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WisconsinMomma

Let's talk about the Eagle Scout journey

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On 12/21/2017 at 9:48 AM, WisconsinMomma said:

...Of course, missing a goal is a huge lesson, but I'm curious how often this happens, and what you think about letting kids fail...

 

It's certainly not a failure to be a scout but not reach Eagle. I think sometimes it gets equated to "failure" or "not finishing" if someone doesn't earn Eagle, but from an achievement perspective it's still years of work, commitment, and effort required just to be a scout at all. If a kid joins in 1st grade and is active into high school but doesn't reach Eagle, that's still a decade-long effort in a fantastic youth leadership organization. 

If it's a question of documenting participation in something (Johnny should finish Eagle so he can put it on his college application) a kid can (and should) still put scouting on that application form, no matter what rank they reached. I think it still is way more impressive than joining a club in high school for a year just to have something else to show on the "extra curricular activities" page. 

From a purely personal achievement perspective, there might be some regret in the future about not earning Eagle. But that's life. Lesson learned. I don't think there's anything wrong with some parental encouragement. Lord knows I needed some when I was 17 and could have very easily not finished up those last 2 merit badges and the project. But there's a big difference between providing encouragement to a scout that might just be in a motivational rut at the time, and forcing a scout to go further when they have zero desire to do so. 

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I wonder how many soldiers in the US army feel they were a failure because they didn't reach the rank of general?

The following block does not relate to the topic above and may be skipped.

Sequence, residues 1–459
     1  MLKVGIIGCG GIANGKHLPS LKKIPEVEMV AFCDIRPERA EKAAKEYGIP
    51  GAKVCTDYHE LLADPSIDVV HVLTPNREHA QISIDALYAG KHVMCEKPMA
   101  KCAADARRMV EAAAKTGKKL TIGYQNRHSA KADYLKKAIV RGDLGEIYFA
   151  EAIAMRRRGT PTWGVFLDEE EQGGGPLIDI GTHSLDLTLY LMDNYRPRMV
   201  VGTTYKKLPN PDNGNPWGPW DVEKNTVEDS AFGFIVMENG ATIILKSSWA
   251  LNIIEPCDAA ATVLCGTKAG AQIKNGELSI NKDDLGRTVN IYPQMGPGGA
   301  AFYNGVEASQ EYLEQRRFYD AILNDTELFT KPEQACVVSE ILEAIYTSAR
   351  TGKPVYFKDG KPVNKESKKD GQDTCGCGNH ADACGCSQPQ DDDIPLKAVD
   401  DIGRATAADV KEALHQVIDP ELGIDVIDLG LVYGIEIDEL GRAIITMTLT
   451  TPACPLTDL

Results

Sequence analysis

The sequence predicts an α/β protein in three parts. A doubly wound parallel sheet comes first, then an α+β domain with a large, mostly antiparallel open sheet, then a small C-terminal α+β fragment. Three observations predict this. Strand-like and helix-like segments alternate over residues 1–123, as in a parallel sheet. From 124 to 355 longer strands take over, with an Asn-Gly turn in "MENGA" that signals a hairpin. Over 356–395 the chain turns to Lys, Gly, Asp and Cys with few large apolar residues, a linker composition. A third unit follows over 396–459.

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1 hour ago, Stosh said:

I wonder how many soldiers in the US army feel they were a failure because they didn't reach the rank of general?

Is that their ambition when they join? Should it be?

Is Eagle a Scout's ambition? Should it be?

 

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42 minutes ago, Chadamus said:

Is that their ambition when they join? Should it be?

Is Eagle a Scout's ambition? Should it be?

 

There are thousands of young men and women who join the military to serve their country, not earn rank.  To those I offer my deepest and most sincere appreciation.  But then there are those that feel self promotion is what the military is all about, a means to personal success, i.e. getting Eagle to jump a rank out of Basics.

It doesn't take a lot of thought for me to see the difference.  I am exposed to it all the time in Scouting.  How many young people join scouts to do their duty to God and Country and help other people at all times and how many join to make it to Eagle.  This is the rub that chafes me.

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I'm thinking the answer to your question about the Military is more than we'd like, unfortunately. Same with the rank of Eagle.

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4 hours ago, Stosh said:

How many young people join scouts to do their duty to God and Country and help other people at all times and how many join to make it to Eagle.  This is the rub that chafes me.

I think most join to have fun. Hopefully we can instill the character and purpose of duty to God and country and helping others. If they earn their Eagle, then good for them.

As for how I divide my limited time. If a Scout has a singularity of focus, I tend to divvy up more of my time first for those that focus on service, second for those that want to have fun and lastly for those whose singular focus is Eagle Scout. Fortunately, most Scouts I meet have a reasonable balance of all 3.

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On 1/15/2018 at 2:47 PM, Stosh said:

I wonder how many soldiers in the US army feel they were a failure because they didn't reach the rank of general?

Not a good analogy. There are a limited number of general positions available. There is no limit to the number of Eagles.  

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